Odeon Theatre, Thu Oct 16
The Restless Dance Theatre are a talented group of individuals bought together by their love and skill in the dance and theatrical arena and their passion in creating and delivering award winning performances. Choreographed and directed by Michelle Ryan, whose career spans international stages over the past 25 years and is now the Artistic Director of Restless, their latest show In The Balance premiered in the intimate and well-attended Odean Theatre, Norwood.
A glistening party scene awaited the audience as the dancers assembled backstage to await the first notes of the beautiful rhythm guitars performed by The Audreys, a superb South Australian product. In The Balance is a collection of smaller storylines, or vignettes, within a main theme, in reaching to the audience the many of interactions between young people, and general peer behaviours. The tumultuous upheaval most of us navigate in life is beautifully played out by the ensembles, which in itself is a celebration of diversity. Restless Dance Theatre welcome people with a disability as well as able-bodied people, and the interaction between the community onstage is something quite unlike I have seen before. The company has been created with the opportunity to make available to all people to eloquently express themselves and enjoy the opportunity to excel.
In The Balance encapsulates the story and themes to four main words; flirtation, inclusion, exclusion and rejection. The Audreys’ soundtrack jumps from uplifting and dynamic blues and swampy guitars to achingly beautiful ballads with simple and subtle messages which have been perfectly teamed with each vignette.
We open with a party scene, with people collaborating and disengaging, swapping partners, taking a turn in solitude as being the odd man out, but always coming together with a sense of movement, purpose and flow. The music is energetic and the personalities are in abundance. Over the course of the show you feel intimately connected to the dancers; an affinity with perhaps one or two people that you can really connect with- rather than performing in uniform the choreography was able to allow the dancer’s movement to be themselves yet in a structured and meaningful way. ‘Desolation City’, sung by Taasha Coates and expressing the path of being both solitary as well as lonely – as the two can be of course different. It was perhaps at this point that I felt like weeping, if only for the way the performers so articulately connected with the audience.
A highlight was the flirtatious interaction between a couple; their chairs moving toward one another, until a bizarre courtship erupts which must surely be the pattern we all follow and fall back on, yet when viewing from the outside is both touching and humourous to witness. Much like proud peacocks, our dancers flirt their way through the scene and gained many a smile.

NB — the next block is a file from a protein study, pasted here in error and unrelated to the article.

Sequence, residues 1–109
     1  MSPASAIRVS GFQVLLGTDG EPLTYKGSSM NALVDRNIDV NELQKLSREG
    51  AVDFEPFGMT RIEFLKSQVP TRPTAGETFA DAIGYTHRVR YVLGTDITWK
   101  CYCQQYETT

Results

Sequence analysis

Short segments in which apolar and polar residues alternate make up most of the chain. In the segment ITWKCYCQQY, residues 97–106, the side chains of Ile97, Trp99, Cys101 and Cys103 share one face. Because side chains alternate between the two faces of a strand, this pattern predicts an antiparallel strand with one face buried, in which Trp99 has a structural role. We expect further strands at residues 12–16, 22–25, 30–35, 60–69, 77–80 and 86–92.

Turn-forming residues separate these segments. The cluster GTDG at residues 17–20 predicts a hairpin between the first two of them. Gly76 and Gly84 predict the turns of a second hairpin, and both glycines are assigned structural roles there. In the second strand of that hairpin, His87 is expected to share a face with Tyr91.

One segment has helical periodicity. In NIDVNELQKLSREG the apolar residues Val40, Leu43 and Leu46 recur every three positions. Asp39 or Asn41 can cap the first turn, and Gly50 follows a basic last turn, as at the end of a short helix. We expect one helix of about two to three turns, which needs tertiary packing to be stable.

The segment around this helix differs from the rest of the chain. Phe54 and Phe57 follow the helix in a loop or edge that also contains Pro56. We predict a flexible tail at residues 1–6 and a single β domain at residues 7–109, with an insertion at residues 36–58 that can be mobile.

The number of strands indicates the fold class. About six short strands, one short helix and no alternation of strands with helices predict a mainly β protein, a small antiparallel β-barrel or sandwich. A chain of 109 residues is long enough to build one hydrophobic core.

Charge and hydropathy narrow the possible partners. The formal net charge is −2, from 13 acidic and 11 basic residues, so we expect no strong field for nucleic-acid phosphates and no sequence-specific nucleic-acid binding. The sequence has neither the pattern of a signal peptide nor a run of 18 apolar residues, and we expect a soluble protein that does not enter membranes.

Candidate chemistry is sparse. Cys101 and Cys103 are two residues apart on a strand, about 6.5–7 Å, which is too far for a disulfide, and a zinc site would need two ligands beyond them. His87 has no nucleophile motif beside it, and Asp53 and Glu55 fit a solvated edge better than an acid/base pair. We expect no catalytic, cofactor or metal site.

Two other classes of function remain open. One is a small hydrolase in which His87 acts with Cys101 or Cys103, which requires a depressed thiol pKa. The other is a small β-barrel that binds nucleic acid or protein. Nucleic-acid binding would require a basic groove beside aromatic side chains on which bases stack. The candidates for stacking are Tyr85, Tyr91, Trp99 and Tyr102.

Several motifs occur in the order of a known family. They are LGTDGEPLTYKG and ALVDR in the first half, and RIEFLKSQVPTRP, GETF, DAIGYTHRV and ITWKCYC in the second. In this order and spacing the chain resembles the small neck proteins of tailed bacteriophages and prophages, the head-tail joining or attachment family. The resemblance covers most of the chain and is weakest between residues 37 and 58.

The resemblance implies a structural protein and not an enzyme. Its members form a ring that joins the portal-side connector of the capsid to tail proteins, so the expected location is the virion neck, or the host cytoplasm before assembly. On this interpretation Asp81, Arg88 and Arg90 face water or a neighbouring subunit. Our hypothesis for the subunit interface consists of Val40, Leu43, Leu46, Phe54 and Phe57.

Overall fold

Kathryn Evans’ solo with the giant golden earth ball was calming and mesmerising to watch. As she kept beautiful time with her artistic ball handling skills, she radiated an ethereal and otherworldly beauty. She was so absolutely engaged in her performance it was hard to tear your eyes away.
A too often seen demonstration of aggression, competition, and macho behaviours was powerfully shown with a sense of wanting to step in from the seat I was holding and jumping on stage to break the fight that was being played out. Naturally it was all theatrical but nonetheless very realistic and quite difficult to watch. Another wistful and poignant moment was watching our lone female lead trying to break into a group of men; illustrating not only the group mentality and ill-used power in numbers, but also the sadness that is displayed when gender inequality is exercised; frustrating to watch yet humourous as we all see someone we know in the scene.
The beautiful thing about this show for me was the way that each performer was engaged to be highlighted in a meaningful and individual way, yet was also part of an extremely powerful group of men and women. The interaction onstage and collaborative effort was a credit to not only the artists but their choreographers and indeed the excellent musical scripting.
Evocative, raw and beautiful, we are near the end with a romantic duet between Chris Dyke and Caitie Moloney. Again, near tears, I sigh with satisfaction in regard to the excellence in expression they have displayed that many artists take such a long time to master. It was a very powerful ending to a wonderful show
by Siân Williams
Restless Dance Theatre’s In The Balance continues at Odean Theatre, Norwood, until Sat Oct 25.
Tickets available at the door or through TryBooking on www.trybooking.com.